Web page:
Bohemian Antique Glass
Czech, Austrian, German

Loetz

1 - 2 - 3 - 4 - 5 - 6 - 7 - 8 - 9 - 10 - 11

Moser

1 - 2 - 3 - 4 - 5 - 6 - 7 - 8 - 9 - 10

Rindskopf

1 - 2 - 3 - 4 - 5

Kralik

1 - 2 - 3 - 4 - 5 - 6 - 7 - 8 - 9 - 10 - 11 - 12 - 13 - 14

Welz & Ruckl

1 - 2 - 3 - 4 - 5 - 6 - 7

Harrach

1 - 2 - 3 - 4 - 5 - 6 - 7 - 8 - 9 - 10

Heckert

1 - 2 - 3 - 4 - 5 - 6

History of the Bohemian Glass

 

The beginning:

Bohemia, a part of the Czech Republic (formerly part of Czechoslovakia, formerly part of the Austro-Hungarian Empire, originally part of the Czech kingdom of Bohemia), became famous for its beautiful and colorful glass during the Renaissance. The glass history of Bohemian began with the abundant natural resources found in the countryside.
Bohemian glass-workers  discovered potash combined with chalk and created a clear colorless glass that was more stable than Italian glass. In the 16th century the term Bohemian glass emerged for the first time in history to distinguish its qualities from the glass coming from other places. This glass does not contain lead as is commonly suspected. This Czech glass could be cut with a wheel. Resources such as wood for firing the kilns were used to cook the ovens and burn the ashes to create the potash. There were also large amounts of limestone and silica.

The old times:

In the 17th century, Caspar Lehmann, gem cutter for Emperor Rodolfo II in Prague, adapted the technique of engraving gems with copper and bronze wheels for glass. During that time, the Czech lands became the main producer of decorative glass articles and the local manufacture of glass gained high international reputation in the Baroque style from 1685 to 1750. Bohemian glass was becoming a success.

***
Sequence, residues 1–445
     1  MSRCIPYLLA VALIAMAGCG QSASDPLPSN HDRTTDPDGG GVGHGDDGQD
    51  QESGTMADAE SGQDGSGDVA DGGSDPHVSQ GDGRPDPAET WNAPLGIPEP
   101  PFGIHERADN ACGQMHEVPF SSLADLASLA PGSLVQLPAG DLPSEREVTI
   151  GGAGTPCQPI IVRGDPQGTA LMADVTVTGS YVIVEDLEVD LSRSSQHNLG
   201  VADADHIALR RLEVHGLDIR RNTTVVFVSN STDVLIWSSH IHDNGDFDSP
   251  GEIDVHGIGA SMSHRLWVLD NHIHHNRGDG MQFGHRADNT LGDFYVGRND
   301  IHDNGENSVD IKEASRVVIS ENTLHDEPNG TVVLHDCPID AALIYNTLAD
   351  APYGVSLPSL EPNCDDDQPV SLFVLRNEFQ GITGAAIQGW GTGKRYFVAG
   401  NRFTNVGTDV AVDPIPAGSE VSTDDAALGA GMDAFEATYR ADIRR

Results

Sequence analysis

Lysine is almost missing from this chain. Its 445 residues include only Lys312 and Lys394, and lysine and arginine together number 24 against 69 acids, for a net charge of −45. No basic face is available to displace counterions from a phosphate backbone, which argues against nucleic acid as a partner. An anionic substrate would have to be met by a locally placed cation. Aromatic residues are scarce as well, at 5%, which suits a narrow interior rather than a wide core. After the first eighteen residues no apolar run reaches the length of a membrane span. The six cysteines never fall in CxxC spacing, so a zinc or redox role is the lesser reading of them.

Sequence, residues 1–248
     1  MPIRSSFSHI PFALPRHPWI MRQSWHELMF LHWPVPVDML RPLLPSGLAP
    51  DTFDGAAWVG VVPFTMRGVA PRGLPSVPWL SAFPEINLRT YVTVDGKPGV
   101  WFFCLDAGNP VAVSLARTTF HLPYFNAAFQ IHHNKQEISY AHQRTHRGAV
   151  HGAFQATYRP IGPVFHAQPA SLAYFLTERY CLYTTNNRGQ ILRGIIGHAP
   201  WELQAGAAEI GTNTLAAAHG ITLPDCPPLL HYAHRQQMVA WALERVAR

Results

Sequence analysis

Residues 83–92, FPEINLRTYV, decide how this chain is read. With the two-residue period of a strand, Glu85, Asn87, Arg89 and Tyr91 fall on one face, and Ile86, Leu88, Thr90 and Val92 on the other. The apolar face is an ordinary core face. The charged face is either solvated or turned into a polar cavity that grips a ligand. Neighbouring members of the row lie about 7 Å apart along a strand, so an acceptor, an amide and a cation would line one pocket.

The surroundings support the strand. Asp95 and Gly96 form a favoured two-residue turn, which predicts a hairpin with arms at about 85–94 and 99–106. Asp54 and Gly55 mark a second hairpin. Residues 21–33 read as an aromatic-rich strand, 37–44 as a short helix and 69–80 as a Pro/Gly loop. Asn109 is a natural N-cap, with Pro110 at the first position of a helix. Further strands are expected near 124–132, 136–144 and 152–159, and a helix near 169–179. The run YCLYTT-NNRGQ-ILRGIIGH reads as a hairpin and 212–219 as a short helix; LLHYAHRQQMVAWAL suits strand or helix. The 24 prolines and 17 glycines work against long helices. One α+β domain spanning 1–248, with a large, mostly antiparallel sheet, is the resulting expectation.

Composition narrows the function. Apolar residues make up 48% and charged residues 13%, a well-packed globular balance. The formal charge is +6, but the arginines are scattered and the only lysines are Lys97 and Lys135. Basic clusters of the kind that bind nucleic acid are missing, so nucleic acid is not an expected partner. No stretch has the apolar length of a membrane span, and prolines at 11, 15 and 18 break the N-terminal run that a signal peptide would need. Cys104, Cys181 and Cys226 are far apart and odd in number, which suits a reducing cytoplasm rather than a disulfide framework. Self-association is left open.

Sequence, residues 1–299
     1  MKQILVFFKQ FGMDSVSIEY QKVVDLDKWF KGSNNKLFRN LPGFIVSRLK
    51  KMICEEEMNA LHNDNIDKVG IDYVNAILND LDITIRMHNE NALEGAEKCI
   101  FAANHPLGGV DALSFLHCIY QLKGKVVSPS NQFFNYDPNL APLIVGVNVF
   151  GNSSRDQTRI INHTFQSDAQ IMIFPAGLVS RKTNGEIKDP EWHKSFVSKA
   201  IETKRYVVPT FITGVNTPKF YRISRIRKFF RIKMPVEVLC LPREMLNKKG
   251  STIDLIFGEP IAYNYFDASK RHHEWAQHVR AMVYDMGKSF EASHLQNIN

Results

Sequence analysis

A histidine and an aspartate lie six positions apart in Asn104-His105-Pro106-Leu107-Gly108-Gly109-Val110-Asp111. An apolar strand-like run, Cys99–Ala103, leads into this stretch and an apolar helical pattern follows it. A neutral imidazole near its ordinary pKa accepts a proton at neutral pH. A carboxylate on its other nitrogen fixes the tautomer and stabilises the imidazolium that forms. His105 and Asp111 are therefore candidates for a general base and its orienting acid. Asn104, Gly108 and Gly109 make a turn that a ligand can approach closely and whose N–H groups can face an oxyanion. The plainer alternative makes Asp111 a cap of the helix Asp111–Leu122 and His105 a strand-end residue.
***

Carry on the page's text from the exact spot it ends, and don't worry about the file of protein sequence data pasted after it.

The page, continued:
Certainly Czech glassware became as prestigious as jewelry and was coveted by the rich and the aristocracy of the time. As a result Czech crystal chandeliers could be found in the palaces of French King Louis XV, Empress Maria Teresa of Austria and Isabel of Russia.

The Historicist Period:

Bohemia turned out expert craftsmen who artfully worked with crystal. Bohemian glass became famous for its excellent cut and engraving. Therefore they became skilled teachers of glass-making in neighbouring and distant countries. By the midle os the 19th century, a technical glass-making school system was created that encouraged traditional and innovative techniques as well as thorough technical preparation.

In the second half of the 19th century, Bohemian glass in general and especially colored glass produced in series was exported all over the world. Certainly many pairs of vases were produced either in a single color of opaque glass or in two-color coated glass. These were densely decorated with enameled flowers that were painted with great speed. Others were decorated with colored lithographs copied from famous paintings. These glass objects were made in huge quantities in large factories and were available by mail order throughout Europe and America. Many of them were not fine art, but provide low-cost decorative objects necessary to illuminate common homes. Reverse glass painting was also a Czech specialty. The image is carefully painted by hand on the back of a pane of glass, using a variety of techniques and materials, after which the painting is mounted in a bevelled wooden frame.

Art Nouveau and Art Decó period:

Bohemia maintained the primacy in the decoration carved to the wheel thanks to artisans like Dominik Biemann, and also practiced other techniques, such as cased glass, which were copied by European and American factories. The chemical advances facilitated the development of new opaque colored glass similar to semiprecious stones. Pieces with paint applications and transparent enamels were decorated as an analogy to the revival of Gothic stained glass.

Bohemian glass currently:

The artisanal glass remained at a high level, even with the arrival of the Communists because it was considered ideologically harmless and helped to promote the good name of the country. Czech designers and glass manufacturers enjoyed international recognition and Czech glassware including works of art such as sculptures were shown and rewarded in numerous international exhibitions, especially at Expo 58 Universal Exhibition in Brussels and at Expo 67 in Montreal.

Currently, Czech crystal chandeliers hang, for example, in Milan’s La Scala, in Rome’s Opera Theater, in Versailles, in the Hermitage Museum in St. Petersburg or in the royal palace in Riyadh. Various types of glassware, glass art, ornaments, figures, jewelry, beads and many others are also still highly valued internationally.